In 1966 a diminutive man, a large black kippah perched on his head, was awarded the Nobel Prize for literature. His acceptance speech, delivered in the lilting cadences of his native Galicia, brimmed with allusions to holy texts, conjuring up an evanescent aura of piety and sacred longings. Yet underneath that kippah, and vibrating in the spaces between the ancient Hebrew words, was one of the most cunning minds and radical pens in Jewish literary history.
Born Shmuel Yosef Czazkes in the town of Buczcacz, S. Y. Agnon, who died 40 years ago today at the age of eighty-one, moved to Palestine in 1908. Four years later, not quite suited to the pioneering milieu, he left for Berlin, in whose culturally vibrant atmosphere he thrived. In 1924, a fire having destroyed his home, library, and manuscripts, he headed back to Jerusalem; again his home would be destroyed, this time in the Arab riots of 1929. Rebuilding, he kept up a stream of novels, stories, and sketches. A visit to his native Buczacz in 1930 was the basis for a haunting masterpiece, A Guest for the Night (1937), considered his greatest novel alongside Only Yesterday (1945), a panorama of early 20th-century Palestine. Agnon's lifetime productivity continued unabated until his death; his posthumous output may have been every bit as large.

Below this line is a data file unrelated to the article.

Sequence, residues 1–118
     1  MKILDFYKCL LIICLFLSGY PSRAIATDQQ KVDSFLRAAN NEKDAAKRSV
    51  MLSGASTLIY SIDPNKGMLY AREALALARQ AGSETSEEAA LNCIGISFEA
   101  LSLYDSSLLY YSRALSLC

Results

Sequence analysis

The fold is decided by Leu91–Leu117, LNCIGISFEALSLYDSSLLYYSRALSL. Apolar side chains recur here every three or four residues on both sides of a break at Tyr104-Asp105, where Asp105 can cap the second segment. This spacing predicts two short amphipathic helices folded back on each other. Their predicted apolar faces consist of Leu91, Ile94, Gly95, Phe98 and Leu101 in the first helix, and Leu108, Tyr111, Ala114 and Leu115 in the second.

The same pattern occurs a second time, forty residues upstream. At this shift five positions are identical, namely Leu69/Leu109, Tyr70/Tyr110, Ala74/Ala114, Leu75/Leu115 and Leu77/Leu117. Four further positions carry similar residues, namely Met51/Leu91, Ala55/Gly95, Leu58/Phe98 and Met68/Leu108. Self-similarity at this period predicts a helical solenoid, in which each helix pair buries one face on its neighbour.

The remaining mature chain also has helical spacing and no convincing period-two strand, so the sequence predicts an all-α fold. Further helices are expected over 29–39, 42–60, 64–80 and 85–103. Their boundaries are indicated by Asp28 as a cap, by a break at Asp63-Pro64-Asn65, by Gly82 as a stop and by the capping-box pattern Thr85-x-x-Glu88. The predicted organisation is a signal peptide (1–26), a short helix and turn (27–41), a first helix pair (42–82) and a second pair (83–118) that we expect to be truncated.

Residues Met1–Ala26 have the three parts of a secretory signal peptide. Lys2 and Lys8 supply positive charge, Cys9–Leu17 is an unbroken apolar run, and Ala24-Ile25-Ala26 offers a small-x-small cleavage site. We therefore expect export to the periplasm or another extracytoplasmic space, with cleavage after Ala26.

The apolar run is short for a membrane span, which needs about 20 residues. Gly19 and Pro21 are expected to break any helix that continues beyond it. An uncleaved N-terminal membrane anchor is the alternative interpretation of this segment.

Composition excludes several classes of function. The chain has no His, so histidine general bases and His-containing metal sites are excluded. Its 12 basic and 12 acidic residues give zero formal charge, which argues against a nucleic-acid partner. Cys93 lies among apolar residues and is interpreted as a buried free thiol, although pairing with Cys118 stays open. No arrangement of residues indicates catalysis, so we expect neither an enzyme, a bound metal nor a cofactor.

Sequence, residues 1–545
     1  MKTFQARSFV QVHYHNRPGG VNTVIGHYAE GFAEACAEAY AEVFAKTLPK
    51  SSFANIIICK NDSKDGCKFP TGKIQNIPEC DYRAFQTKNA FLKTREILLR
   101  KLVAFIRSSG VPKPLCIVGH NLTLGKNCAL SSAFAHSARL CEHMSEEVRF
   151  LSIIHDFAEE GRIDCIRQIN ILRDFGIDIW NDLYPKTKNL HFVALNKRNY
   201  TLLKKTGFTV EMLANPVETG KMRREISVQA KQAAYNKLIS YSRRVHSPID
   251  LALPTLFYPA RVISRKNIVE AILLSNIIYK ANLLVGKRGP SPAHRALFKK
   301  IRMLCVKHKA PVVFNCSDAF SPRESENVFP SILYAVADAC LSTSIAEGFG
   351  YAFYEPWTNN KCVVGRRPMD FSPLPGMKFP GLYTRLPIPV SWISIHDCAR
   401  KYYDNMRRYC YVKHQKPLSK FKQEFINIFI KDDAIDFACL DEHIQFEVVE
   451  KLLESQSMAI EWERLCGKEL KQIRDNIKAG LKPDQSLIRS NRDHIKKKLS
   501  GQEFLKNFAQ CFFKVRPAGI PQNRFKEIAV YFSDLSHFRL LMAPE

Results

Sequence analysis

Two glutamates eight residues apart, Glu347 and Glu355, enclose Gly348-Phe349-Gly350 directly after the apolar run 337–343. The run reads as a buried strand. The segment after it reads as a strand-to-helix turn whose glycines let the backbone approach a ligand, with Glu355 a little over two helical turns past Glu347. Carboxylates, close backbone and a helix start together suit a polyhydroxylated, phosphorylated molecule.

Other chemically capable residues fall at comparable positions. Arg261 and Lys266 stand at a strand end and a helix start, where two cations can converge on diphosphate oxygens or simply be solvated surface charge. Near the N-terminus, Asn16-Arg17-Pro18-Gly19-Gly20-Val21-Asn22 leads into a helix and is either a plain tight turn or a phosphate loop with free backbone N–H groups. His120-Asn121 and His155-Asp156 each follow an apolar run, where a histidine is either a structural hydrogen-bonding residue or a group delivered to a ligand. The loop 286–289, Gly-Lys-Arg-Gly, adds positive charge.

Agnon mined the whole of Jewish literature, sacred and secular alike, and all the world literature he could find, to forge the deceptively traditional idiom with which he created his unique imaginative world. His pages mix deadly realism with haunting fantasy, humor with anguish, nostalgic lyricism with bitter irony and social critique with spiritual ecstasy. His portraits of traditional Jewish society are as merciless as they are loving; his observations of his own time and place cut to the quick.
The fabulist was also a chronicler. Like his Hebrew predecessors H.N. Bialik and Micha Berdyczewski, he eventually turned to anthologizing. In that medium, writing in his distinctive style, he would preserve the vast legacy he had himself inherited and bequeath to future readers (and writers) the textual resources with which to follow him. In perhaps his greatest such compilation, The City and the Fullness Thereof, he returned once again to Buczacz, preserving in language a world now irretrievably gutted and lost.
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